Preview: 2024 Giro d’Italia Women

Written by: ProCycling Women
Posted 1 week ago

The Giro d’Italia Women enters a new era. With the renowned cycling event organizer RCS taking over, the Women’s Tour of Italy is now under the same management structure as the men’s race. Formerly known as Giro d’Italia Femminile and Giro Donne, the race is now renamed Giro d’Italia Women.

This year’s Giro d’Italia Women will kick off with its Grande Partenza in the Lombardian city of Brescia, located between Lake Garda and Lake Iseo, on Sunday, July 7th. After eight stages, the race will conclude in L’Aquila on July 14th. On the day the French celebrate Bastille Day, the Italians will welcome the Women’s Giro peloton in the capital of the Abruzzo region, nestled in the Apennines.

Race History

The inaugural Giro d’Italia Femminile dates back to 1988, when double silver medalist at the World Championships and two-time Tour de France Feminine winner Maria Canins took home the first-ever Maglia Rosa. In the early years, Italian riders dominated on home soil, led by Fabiana Luperini. Lovingly nicknamed “Pantanina,” Luperini won the overall classification five times between 1995 and 2008. Since Marianne Vos’s first overall victory in 2011, the Giro has become a predominantly Dutch affair. Vos herself won the classification three times, while Anna van der Breggen, who recently announced her comeback, and Annemiek van Vleuten each claimed four victories.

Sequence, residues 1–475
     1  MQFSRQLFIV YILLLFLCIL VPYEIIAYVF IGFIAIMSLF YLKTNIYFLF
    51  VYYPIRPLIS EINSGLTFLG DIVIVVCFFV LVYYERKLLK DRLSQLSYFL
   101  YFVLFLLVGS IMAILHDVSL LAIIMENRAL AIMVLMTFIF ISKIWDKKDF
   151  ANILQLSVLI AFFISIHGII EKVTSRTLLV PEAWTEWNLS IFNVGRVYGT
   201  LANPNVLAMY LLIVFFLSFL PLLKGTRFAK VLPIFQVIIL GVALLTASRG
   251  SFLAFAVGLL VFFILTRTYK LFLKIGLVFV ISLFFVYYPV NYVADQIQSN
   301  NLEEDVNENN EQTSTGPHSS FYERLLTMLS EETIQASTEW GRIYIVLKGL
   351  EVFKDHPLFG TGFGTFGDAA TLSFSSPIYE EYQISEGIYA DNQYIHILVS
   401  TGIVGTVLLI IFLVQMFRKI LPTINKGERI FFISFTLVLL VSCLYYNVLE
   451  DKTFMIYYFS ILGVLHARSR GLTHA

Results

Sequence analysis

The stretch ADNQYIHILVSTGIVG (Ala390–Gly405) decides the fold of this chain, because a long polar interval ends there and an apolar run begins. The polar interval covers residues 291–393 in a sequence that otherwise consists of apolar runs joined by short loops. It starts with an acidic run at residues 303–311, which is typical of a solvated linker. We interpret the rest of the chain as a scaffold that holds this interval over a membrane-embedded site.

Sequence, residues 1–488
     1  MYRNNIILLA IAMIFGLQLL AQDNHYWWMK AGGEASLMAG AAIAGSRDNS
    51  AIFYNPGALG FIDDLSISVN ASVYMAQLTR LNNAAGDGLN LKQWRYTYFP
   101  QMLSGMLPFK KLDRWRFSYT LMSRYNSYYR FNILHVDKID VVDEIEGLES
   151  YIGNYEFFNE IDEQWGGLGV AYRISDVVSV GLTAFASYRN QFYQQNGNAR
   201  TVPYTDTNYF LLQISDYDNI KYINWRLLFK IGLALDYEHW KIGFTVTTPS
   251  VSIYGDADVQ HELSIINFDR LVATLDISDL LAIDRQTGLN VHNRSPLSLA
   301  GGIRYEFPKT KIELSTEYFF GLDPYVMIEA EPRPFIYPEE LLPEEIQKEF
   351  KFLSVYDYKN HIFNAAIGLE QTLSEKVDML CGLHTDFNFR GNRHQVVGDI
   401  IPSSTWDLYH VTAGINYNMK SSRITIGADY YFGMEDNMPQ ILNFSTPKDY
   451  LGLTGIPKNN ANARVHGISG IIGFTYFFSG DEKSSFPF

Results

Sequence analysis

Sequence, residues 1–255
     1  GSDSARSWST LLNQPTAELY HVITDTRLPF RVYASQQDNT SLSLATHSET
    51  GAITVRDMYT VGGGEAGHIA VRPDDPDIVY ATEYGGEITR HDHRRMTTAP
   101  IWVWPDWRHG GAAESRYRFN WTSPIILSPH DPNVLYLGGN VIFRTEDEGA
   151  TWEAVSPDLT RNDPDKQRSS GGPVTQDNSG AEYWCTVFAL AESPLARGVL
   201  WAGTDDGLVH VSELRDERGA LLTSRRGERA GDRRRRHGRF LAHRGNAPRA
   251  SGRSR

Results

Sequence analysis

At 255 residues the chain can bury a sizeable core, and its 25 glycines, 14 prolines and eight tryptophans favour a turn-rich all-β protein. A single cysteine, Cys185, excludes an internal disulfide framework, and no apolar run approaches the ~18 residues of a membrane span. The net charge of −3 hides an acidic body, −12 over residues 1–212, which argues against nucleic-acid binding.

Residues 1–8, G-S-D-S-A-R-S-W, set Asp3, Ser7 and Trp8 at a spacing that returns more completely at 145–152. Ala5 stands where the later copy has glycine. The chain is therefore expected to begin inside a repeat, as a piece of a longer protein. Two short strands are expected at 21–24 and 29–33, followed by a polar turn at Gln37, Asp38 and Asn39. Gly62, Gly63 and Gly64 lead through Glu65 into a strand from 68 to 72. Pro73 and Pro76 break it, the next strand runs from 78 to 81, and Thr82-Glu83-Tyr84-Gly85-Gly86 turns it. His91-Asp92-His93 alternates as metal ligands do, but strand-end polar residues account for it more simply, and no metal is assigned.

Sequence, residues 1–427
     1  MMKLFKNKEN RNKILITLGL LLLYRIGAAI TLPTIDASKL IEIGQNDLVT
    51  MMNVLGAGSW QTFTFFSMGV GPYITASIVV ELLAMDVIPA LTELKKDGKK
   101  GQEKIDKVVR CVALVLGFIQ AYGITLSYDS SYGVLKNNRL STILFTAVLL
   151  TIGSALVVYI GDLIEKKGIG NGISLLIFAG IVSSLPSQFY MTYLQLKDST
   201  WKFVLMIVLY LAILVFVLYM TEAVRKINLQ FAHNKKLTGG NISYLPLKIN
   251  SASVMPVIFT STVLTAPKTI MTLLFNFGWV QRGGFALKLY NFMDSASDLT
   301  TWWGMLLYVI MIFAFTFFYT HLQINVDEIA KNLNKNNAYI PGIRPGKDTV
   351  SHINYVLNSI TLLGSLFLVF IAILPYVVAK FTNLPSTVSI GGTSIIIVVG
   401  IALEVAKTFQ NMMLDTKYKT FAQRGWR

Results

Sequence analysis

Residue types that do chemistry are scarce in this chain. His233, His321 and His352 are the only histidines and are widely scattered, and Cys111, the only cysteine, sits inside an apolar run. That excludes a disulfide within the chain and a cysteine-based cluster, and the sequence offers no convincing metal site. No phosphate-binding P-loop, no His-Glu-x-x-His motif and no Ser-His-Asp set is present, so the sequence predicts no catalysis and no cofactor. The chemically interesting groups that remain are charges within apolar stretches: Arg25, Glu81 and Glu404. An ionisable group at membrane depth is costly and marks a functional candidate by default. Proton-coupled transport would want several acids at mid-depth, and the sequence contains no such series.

What happened last year

Last year’s Giro d’Italia Donne was a highlight of Annemiek van Vleuten’s impressive farewell tour. The Dutch world champion dominated the race from start to finish, although the Grande Partenza in Chianciano was canceled due to bad weather. Van Vleuten won the second (effectively the first) stage with an 18-kilometer solo breakaway, claimed the pink jersey, and never let it go. Along the way, she also won the sixth and seventh stages. Other highlights included Elisa Longo Borghini’s stage win in her home race, wearing the national champion’s tricolor, and the breakthrough performance of Antonia Niedermaier, who impressively won the fifth stage to Ceres. However, a nasty fall the following day dashed her hopes for the overall classification.

2024 Edition

Eight stages (one less than last year) separate the riders from the start in Brescia to the finish in L’Aquila. A quick glance at the route suggests a gradually increasing difficulty, starting with a time trial, followed by four midweek stages in the hills, and concluding with a final week in the mountains.

Stage 1

Brescia – Brescia (Individual Time Trial): 15.7 km

The race kicks off on July 7th in Brescia with a relatively flat time trial spanning 15.7 kilometers. It’s been a while since the last flat time trial in the Giro: in 2017, Van Vleuten bested Van der Breggen and Longo Borghini in a 12.73-kilometer time trial. Since then, most time trials have been uphill, where Van Vleuten and Van der Breggen excelled.

The starting podium is set up at the Piazza della Loggia in the heart of the city, home to 1.2 million residents. The riders will leave the city, heading towards Fantasia for an intermediate time check, before returning to Brescia on the opposite side of the road. The finish line is located at the Piazza del Mercato.